Disconnecting from a Church - Battered Christians search for life after Barnett

Valley Daily News/May 9, 1988
By Nathalie Overland

(Editor's note: Today's second part of a three-part series on Burien's Community Chapel explores how former members cope with the fallout of leaving the church)

Seventeen-year-old Cami King, who left Community Chapel two years ago, still has difficulty trusting people and hates organized religion.

Kim, 25, joined Community Chapel five years ago as her first venture in Christianity. Since she left the church five months ago, she hasn't been able to figure out what Christianity is really supposed to be.

Richard, a former church leader for 10 years who was reluctant to discuss his association with Community Chapel, now considers his once full-time commitment to the Burien church a "mistake."

Those are common reactions among individuals who have attended and then left Community Chapel, run by Donald Barnett. Like hundreds of others, Cami King, Kim and Richard have fled the church that former members say once exacted all their loyalty and commanded much of their time and money as well. In addition to spending most of their free time in church activities, the members bankrolled much of Community Chapel's 44-acre-estate, worth $10 million.

Today most of Community Chapel's congregation has scattered, some seeking refuge in their homes, in new churches, or in their resolve not to be duped again. They are battered emotionally and spiritually. They find it difficult to trust others, to submit to leaders, to expose themselves to the world as people who once supported Community Chapel. Many not only blame the church for their damaged lives, but point to themselves as well.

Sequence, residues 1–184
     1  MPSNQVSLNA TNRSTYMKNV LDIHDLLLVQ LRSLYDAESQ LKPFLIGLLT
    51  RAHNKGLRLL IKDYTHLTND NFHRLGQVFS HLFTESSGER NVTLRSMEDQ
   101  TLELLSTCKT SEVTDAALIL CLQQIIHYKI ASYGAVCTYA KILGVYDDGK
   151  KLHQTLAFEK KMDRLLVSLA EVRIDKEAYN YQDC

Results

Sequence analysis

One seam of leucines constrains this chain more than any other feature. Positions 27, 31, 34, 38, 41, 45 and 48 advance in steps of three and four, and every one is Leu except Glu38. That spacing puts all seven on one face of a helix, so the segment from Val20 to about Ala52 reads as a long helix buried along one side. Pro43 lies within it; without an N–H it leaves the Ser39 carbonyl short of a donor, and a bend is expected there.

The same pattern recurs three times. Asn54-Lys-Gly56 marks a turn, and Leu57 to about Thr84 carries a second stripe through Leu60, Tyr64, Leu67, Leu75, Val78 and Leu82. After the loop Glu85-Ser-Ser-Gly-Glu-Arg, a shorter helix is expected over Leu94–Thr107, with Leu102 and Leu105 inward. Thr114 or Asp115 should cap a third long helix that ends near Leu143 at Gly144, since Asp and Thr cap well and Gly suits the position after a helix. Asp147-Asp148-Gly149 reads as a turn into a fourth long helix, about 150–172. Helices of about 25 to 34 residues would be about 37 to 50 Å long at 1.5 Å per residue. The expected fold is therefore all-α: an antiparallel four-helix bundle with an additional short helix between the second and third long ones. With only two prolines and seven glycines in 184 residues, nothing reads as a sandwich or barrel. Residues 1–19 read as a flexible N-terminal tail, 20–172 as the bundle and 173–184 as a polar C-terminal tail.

"I feel like I've been spiritually raped," one woman said. "And I know I'm responsible for allowing it to happen."

Those who leave resolving to find a new church often are disappointed, unable to settle in after years of believing that other churches are "dead" compared tot he emotionally charged atmosphere at Community Chapel. Some vow never again to step foot inside a sanctuary. A few are looking for revenge.

Among the wreckage are the children, most who attended Community Chapel's K-12 school because enrolling them elsewhere was frowned upon by church leadership. A former chapel elementary school teacher who left the church in early 1986 said she witnessed the stress in the children's lives when the church began spiritual connections.

"There was a lot of stress, a lot of vandalism at the school that you never saw before," she said. "I think the kids saw the hypocrisies and they certainly were affected by the divorces. It was implied that if children were in the way, they'd have to be casualties. The 'move of God' was more important."

One woman, who always considered her best friends a model mother, said she was dismayed to see her friend change. "I slowly watched her lose interest in her family. She didn't have time for her children any longer because she was spending her time with her connection. When I said something, she said she wasn't concerned because God knows her heart."

The rule that "God knows the heart" has securely tethered many of the remaining members to the chapel, former members said. Despite the evidence of destroyed marriages, shipwrecked families, and even suicide, those who remain at Community Chapel apparently hold fast to the concept that the move of God is real - it's just that people aren't handling it correctly. "Some people realize that things are wrong," said one former member, "but they feel that people haven't handled it right. Now, they say the elders are cleaning it up (by attempting to expel Barnett) and the church will become what it was intended to be."

Other former members, most of whom asked not to be named, attribute lingering Community Chapel membership to several factors. Some said those who stay are hooked on having their lives controlled. Others said the remaining members are satisfied with the doctrine of spiritual connections. A few maintain that personal pride won't allow some to face the possibility that they have been deceived.